We travel and all civilization falls away,  we seem to have the country to ourselves.

We arrive at our lodging for the night, a motel type affair in the highlands. We are advised that we will be two to a room. We are fine with this as we always share a room.   We secure our key, find our room and take a deep breath. John opens the door to a dormitory type affair, two single beds and not much else.   Still, it will only be us tonight.  I’m giddy with the thought of finally getting some sleep.

Single showers and bathrooms are just down the hall though privacy is possible.  We have brought a pack towel, a washcloth sized affair which makes drying ourselves a lengthy venture. Perhaps if we were the size of a small cat this would be more effective?  John speaks to the front desk and learns that we can have towels, bedding and slippers for $50.00 USD each.  We ask if it is possible to get just the towels for a reduced rate.  We are told that this is not possible, it is all or nothing.  It seems extravagant and I tell John my thoughts.  He is adamant and draws his line in the sand, dying on the hill that includes a towel. I relent and we pay the fleecing rate of $100.00 for two thin towels, housecoats, scratchy duvets and nail salon slippers.  The slippers we are told are ours to keep. How exciting, I cattily whisper to John. Still, I decide I will take them home. Normally, I wouldn’t give slippers such as these a second thought, but they are likely the most expensive slippers I’ve ever owned and will serve as a reminder to this extravagance.

We treat ourselves to a hollywood shower and luxuriate in the hot spray.  It is a treat I decide. It is not worth the cost we paid, though at this moment while I dry off and slip into the robe and don the slippers, the experience is a bargain at twice the price. My frugal self tries to justify by deciding it will be our souvenir of Iceland and imagine peppering future conversations with this firm example of the expense of Iceland. The true gift is a reminder of how we take simple things such as these for granted at home and a reminder to be thankful. Money well spent I conclude.

We enter the dining room and discover that a special dinner has been prepared for our group tonight.  It is a sit down meal  and features wine and a variety of courses. The entree is lamb and I quietly advise the waitress that I will be happy with the soup, salad and bread.  She asks if I like fish, I state that I do and shortly a beautiful salmon dinner arrives for me.  This was so unexpected, though such a wonderful treat.

Kommi tells us that tomorrow we will be going deep into South Iceland to a very special place.  He advises us to lower our expectations. He tells us that Icelandic children are taught to have low expectations and are fed a diet of folklore stories passed from generation to generation.  The stories reflect the harsh natural environment that Icelanders face and serve to teach their children how to live in an unforgiving wilderness.  The children learn to respect both the spirits of the land and the natural environment, where earthquakes, volcanos, and extreme weather conditions constantly pose a very real and tangible threat.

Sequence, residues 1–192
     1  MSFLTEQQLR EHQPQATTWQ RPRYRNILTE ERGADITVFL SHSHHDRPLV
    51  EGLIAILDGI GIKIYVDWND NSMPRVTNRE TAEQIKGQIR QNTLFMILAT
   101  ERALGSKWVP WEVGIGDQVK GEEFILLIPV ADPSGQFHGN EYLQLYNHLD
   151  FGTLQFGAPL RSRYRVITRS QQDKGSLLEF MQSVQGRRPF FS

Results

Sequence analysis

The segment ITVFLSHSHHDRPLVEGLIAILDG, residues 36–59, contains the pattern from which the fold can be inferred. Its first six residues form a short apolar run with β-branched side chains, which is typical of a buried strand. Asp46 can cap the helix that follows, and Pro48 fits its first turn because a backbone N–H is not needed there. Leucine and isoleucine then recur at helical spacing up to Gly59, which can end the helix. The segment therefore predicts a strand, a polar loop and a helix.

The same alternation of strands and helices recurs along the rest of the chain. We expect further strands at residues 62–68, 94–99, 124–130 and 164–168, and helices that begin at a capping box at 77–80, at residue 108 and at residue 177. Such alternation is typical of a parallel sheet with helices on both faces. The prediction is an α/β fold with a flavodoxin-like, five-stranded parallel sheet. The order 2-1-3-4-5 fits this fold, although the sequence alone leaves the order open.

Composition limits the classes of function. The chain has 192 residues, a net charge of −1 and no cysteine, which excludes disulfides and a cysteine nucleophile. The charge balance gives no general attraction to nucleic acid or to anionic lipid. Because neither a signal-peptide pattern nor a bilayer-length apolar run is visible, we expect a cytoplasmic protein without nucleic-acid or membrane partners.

This is so different from my childhood experience, where around every corner something wonderful was about to happen.  I still live like this, well most days, the eternal optimist.

I wonder about the accommodations tomorrow that would have Kommi telling us this tonight.  I decide that we will be surprised with something truly amazing and surely he must be kidding with his grim talk.

Kommi tells us a bedtime story to drive home his point of low expectations. Everyone dies, there is no Disney Prince swooping in at the last moment but rather the last bit of hope when the hero arrives,  ends with him killing anyone left. Makes me wonder how the story could be told with no one left standing. Reminiscent of Grimms fairy tale we are left unsettled.

John and I enjoy our glass of wine and retire to our room.  It is nice to have privacy as we chat about our amazing day.  No sleeping bags for us tonight as we snuggle down deep. We decide sheets are a welcome change and we don’t miss the added exercise of getting into and out of the bag. Settled we listen to the quiet, though a few moments later, John begins to snore, making up for lost time when he was kept awake from everyone else snoring. My silence shattered, I sigh and turn on the white noise.

The word of the day is foss

We wake without sleep, surround sound snoring  disturbed our slumber. I nudge John repeatedly throughout the night only to discover in the morning he did not participate in the melody.  I eagerly pack to leave this place certain that the next place will be better.

We begin the familiar queuing for the bathroom then pack our belongings. I remember to keep my charging cord available. We board a new bus, our bus taken in the night for another group, this one appears to be a downgrade, lacking both the latte button and the USB ports.  My charging cord is rendered useless and my phone desperately needs a charge from last nights white noise serenade. I take a deep breath determined to have a great day, then chuckle.  My goodness I’m in Iceland seeing things few people will ever see, I am with great friends and my wonderful husband.  The day seems brighter with my attitude shift.

Eric tells us the word of the day is foss and it means waterfall. We traverse the path covered just a few days before. We find a young couple with a standard car trapped in the water and sinking with each spin of the tires. We implore Eric to stop and help. He does though there is nothing he can do, help is on the way.  The car is destroyed and the couple face thousands of dollars in costs for abusing their rental car with the hubris of youth. We are thankful for our transport and wisdom of our years though recall similar instances where we had to learn the difficult way.